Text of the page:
When she was first born we had some outside pressure to “get it lasered off”. I know that those who said that had good intentions, but it was not what we wanted for our child. I have heard arguments that are essentially “think of your child in elementary/middle/high school! They will be teased!” and “would you want that on your face?” My answer? I hope that my amazing daughter will help others learn about people who look different from them with grace. That she will help them mature and learn what love and being a good person really is. I hope that if I “had that on my face” that my parents would have made me feel beautiful, that they would have taught me that I was smart, kind, funny, thoughtful, and beautiful, and that an interesting birthmark on my face couldn’t change that. Just like I intend to do for my daughter. Will some people be jerky? Yes. But there will always be someone to be rude about something. I don’t like the idea that we all have to be the same/look the same/do and like the same things, so why on earth would it matter that my daughter had a BIRTHMARK on her that was different than other people????
(Can you tell I feel passionately about it?)
And, I should add that doing laser surgery almost always involves putting a child (or tiny baby!) under general anesthesia for the procedure, and leaves very dark marks on the face for a while after treatment, can’t go in the sun, etc. In our mind the small potential for reduced chance of cobbling as an adult was not nearly enough reason for the many potential risks of the procedure.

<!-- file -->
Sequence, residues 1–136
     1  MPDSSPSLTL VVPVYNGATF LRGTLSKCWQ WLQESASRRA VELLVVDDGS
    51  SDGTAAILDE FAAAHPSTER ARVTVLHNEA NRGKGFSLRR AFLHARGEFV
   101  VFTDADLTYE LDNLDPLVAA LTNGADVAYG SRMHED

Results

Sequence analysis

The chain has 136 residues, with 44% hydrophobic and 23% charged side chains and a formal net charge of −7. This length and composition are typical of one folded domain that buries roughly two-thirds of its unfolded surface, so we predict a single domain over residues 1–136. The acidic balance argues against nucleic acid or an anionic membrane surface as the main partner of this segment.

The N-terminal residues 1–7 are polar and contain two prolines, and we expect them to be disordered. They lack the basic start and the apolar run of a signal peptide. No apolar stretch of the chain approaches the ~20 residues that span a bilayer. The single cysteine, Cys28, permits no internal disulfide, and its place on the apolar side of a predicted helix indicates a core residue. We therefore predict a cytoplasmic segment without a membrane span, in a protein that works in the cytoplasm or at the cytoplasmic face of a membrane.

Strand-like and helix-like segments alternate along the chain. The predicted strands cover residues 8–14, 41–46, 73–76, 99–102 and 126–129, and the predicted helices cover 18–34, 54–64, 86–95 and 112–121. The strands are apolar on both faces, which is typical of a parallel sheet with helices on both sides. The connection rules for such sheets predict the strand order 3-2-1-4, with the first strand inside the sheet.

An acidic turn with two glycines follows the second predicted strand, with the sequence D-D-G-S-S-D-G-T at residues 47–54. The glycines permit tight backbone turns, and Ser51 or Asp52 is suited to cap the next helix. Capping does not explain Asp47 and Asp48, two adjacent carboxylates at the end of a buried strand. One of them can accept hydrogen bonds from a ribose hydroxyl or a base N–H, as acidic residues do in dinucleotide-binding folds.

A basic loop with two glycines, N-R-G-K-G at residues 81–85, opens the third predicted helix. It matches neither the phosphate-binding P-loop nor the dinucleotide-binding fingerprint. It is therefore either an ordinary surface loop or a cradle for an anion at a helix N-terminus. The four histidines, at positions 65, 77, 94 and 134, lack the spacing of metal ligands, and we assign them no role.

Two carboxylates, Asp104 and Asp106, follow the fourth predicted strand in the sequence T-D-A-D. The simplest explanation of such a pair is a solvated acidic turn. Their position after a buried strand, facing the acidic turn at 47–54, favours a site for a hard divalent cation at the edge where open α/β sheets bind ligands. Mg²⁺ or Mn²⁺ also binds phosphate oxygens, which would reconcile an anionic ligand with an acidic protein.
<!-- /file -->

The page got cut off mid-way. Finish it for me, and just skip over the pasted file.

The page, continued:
I have heard stories from other parents who get a lot of weird/rude comments from strangers. So far I have not been the target of any of these (maybe they know I will neck chop them?). Sometimes people ask about it, mostly “is it a birthmark?” I love to tell people about it. My favorite is when little kids ask “what happened to her face?” because they are so innocent and sweet and just want to know because they are curious. I love to tell them it is a birthmark and see their faces get excited when I ask them if they have any birthmarks and they realize they do too!
Allison’s birthmark has lightened a bit from when she was first born. That is mostly because she is an older baby/child who has better blood flow everywhere in general. When she is hot it is redder, when she is cold it is darker and purple, and when she is just right it is a light pink.
Here is a very recent photo of Allison. You can see her birthmark in her hair, and coming down touching the outer tip of her eyelid, and on her ear and lower jawline. Ta-da. Cute baby with a birthmark. It has a tendency to show up darker in photos than in real life.
My mind has kind of gone blank, but that in a nutshell is a crash course on a Port Wine Stain Birthmark. I am obviously no expert, but it has been interesting learning about something that just over a year ago I really had no idea even existed. If you have any questions, please feel free to ask. No need to be shy, because we all know I’m not.